Legendary Outlaws and Mysterious Caves
By Madelyn Ritrosky
(Photo left) Kevin Novotny as Roy inspects a gravestone as part of his detective work. From Secret of the Cave.
There is something to be said for a little adventure. And a little mystery.
I’m always on the lookout now for films that are truly family films.
By that, I mean movies that can be fully enjoyed by parents as well as kids, where I can get into the film and so can my 7-year-old with less than 50 questions.
Delivering on adventure, mystery, and disparate audience expectations, Outlaw Trail and Secret of the Cave made their world premieres at the 2006 Heartland Film Festival. As the titles suggest, these are mystery adventures, and they do keep viewers guessing. What exactly are the young male protagonists going to find as they strive to unravel their respective mysteries? The answer is, of course, two-fold.
In each case, the revelation of the mystery is, not surprisingly, only part of the young hero’s journey and the film’s story. Exterior or physical journeys reflect, motivate, and crystallize interior journeys of self-discovery and self-determination.
Outlaw Trail is set in 1951 Utah, where 16-year-old Roy Parker (Ryan Kelly), the great-nephew of Leroy Parker a.k.a. Butch Cassidy is determined to use Cassidy’s secret map to prove that while Butch Cassidy may have “died” in Bolivia, Leroy Parker may have come back to America and done some good with his stolen riches. Proving to himself and his cynical grandfather (Cassidy’s younger brother) that there is something to be proud of in the Parker name, Roy is determined that there is good in everyone and people can change for the better.
The opening sequence of Outlaw Trail pays tribute to the classic Butch Cassidy and the Sundance Kid (1969). It was a reworking of the final scene of that film, where the outlaws, famously portrayed by Paul Newman and Robert Redford, are surrounded by Bolivian police and come out shooting, the film ending on a freeze-frame. The Outlaw Trail scene envisions another possible outcome to that shootout.
What makes the choice of Butch Cassidy as the film’s fulcrum-in-the-shadows so interesting is that the filmmakers get double the mystique for their money. Cassidy is not just a legendary figure of the Old West, but a legendary representation of New Hollywood as it emerged from the old studio system during the 1960s.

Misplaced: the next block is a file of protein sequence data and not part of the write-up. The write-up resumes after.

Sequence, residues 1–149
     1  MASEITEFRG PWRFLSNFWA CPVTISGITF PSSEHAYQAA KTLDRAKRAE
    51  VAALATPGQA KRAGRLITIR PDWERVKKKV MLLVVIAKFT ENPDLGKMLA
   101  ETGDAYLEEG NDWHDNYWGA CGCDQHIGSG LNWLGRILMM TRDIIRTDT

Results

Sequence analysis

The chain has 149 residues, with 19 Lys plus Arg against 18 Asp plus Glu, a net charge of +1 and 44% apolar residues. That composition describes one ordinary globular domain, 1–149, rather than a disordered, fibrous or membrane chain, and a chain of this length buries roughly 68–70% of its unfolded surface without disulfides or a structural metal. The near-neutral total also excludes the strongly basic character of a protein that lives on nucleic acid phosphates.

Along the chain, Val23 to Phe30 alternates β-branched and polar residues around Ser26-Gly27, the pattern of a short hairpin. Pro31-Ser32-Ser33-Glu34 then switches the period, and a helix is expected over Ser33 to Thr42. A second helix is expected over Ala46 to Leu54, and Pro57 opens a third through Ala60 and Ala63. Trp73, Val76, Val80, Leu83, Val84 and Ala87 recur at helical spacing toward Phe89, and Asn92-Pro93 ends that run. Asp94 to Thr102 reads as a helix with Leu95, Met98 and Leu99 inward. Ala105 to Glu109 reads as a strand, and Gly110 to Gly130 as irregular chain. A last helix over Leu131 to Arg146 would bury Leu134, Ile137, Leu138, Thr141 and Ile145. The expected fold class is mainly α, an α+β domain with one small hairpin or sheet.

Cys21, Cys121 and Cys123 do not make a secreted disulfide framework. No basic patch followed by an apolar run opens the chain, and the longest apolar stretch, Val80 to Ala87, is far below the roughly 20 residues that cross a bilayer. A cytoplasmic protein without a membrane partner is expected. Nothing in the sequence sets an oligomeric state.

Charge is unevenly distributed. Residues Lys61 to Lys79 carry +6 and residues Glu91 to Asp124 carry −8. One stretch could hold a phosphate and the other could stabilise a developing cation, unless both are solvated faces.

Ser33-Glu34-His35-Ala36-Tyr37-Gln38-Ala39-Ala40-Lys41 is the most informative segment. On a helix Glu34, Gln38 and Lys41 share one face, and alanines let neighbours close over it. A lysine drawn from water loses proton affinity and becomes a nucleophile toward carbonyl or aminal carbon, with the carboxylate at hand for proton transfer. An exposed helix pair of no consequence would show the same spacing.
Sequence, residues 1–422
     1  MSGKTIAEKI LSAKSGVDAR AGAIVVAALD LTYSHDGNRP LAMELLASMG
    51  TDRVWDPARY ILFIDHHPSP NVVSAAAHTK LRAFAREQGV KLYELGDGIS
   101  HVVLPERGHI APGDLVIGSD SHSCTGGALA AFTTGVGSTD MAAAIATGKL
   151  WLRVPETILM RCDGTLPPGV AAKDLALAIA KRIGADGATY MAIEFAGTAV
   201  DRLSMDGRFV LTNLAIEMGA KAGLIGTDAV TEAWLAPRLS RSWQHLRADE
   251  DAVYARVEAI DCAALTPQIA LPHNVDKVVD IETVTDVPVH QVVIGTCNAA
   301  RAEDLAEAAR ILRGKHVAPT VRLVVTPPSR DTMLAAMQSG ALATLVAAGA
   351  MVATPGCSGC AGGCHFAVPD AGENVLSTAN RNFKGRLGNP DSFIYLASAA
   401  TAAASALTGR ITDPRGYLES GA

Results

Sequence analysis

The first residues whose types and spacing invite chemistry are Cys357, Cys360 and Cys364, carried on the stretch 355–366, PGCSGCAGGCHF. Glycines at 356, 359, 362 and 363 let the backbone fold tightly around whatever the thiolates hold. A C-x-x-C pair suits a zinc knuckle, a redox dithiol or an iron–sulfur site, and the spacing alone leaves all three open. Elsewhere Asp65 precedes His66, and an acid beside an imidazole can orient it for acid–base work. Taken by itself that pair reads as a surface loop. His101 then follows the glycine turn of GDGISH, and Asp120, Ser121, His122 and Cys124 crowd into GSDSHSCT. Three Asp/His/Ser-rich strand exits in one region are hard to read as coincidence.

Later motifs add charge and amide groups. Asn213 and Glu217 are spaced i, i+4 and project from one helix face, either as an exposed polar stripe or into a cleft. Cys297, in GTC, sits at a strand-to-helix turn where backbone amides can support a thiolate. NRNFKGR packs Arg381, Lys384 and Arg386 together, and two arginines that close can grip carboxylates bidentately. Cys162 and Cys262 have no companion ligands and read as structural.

The blend of irreverence, humor, male bonding, and violence signaled new directions for American cinema. Newman and Redford were the “new men” of a changing society.
Director-producer Ryan Little and producer Adam Abel revealed that the resemblance of their Sundance Kid to Robert Redford was very real Redford’s nephew (Michael Van Wagenen). Little and Abel, whose Go Films production company is based in Utah, are trying their hand at a variety of genres. Saints and Soldiers (2003), a war drama and their first feature together, earned them critical notice and 16 awards at the 16 film festivals in which it was entered. They have just completed a sports film titled Forever Strong, with the same writer, David Pliler, as Outlaw Trail. Abel said that film is about an American rugby team and stars Sean Astin.
Little said that Outlaw Trail came about because he and Abel wanted to do a “fun and light” film that their kids could watch. He said films like Raiders of the Lost Ark and Goonies were favorites of his as a child, and those adventures were inspirational for doing a film like Outlaw Trail.
The inspiration as well as production of Secret of the Cave is rather different, though the thematic similarity is clear. The film is adapted from the 1920 book of the same name, written by Arthur S. Maxwell. It’s a children’s story that is well-known in Adventist circles, and the filmmakers are faculty as well as students at Southern Adventist University.
Director-writer Zach Gray, producer-writer-cinematographer David George, producer Mark Thomas, and several other key production personnel are professionals, but there were 25 students among the crew. In front of the camera, professional actors, primarily from Ireland where most of the film was shot, bring the characters to life. Fourteen-year-old American actor Kevin Novotny plays the lead role of Roy Wallace, a boy from the U.S. dumped for the summer with relatives in a remote coastal village in Ireland by his father (Patrick Bergin).
Gray, whose background is in animation, put the film’s theme in a nutshell: “By helping others, young Roy can better see his own life and needs.” Although Roy is not happy to be dropped for the summer by his soon-to-be-divorced parents, he comes to learn that “you have to choose how you’re going to deal with a situation,” with selflessness offering its own rewards.
Secret of the Cave makes use of Hitchcockian suspense/thriller/classic horror techniques to keep the viewer guessing about what might lie in the forbidding cave and why unexplained good deeds and a mysterious symbol keep popping up.
(By the way, although the exterior of the cave was shot on location in Ireland, much of the interior was shot in a cave in Tennessee.)
I could fully enjoy the suspense, where an aura of possible supernatural influence pervades the story and visuals for most of the film because I knew this was not a horror film or violent thriller. It’s a thriller with a positive message.
Despite the theme of Secret of the Cave and its young protagonist (and two other young supporting characters), younger children will probably find this film a bit scary. My second-grader, who attended the screening with me, was drawn into the story but needed reassurances several times that all would turn out well.
Outlaw Trail and Secret of the Cave may show up in a theater or film festival near you, but regardless of what kind of distribution these independent films eventually get, look for them down the road on DVD when you’re looking for fun, mysterious, adventurous family films that the entire family can enjoy.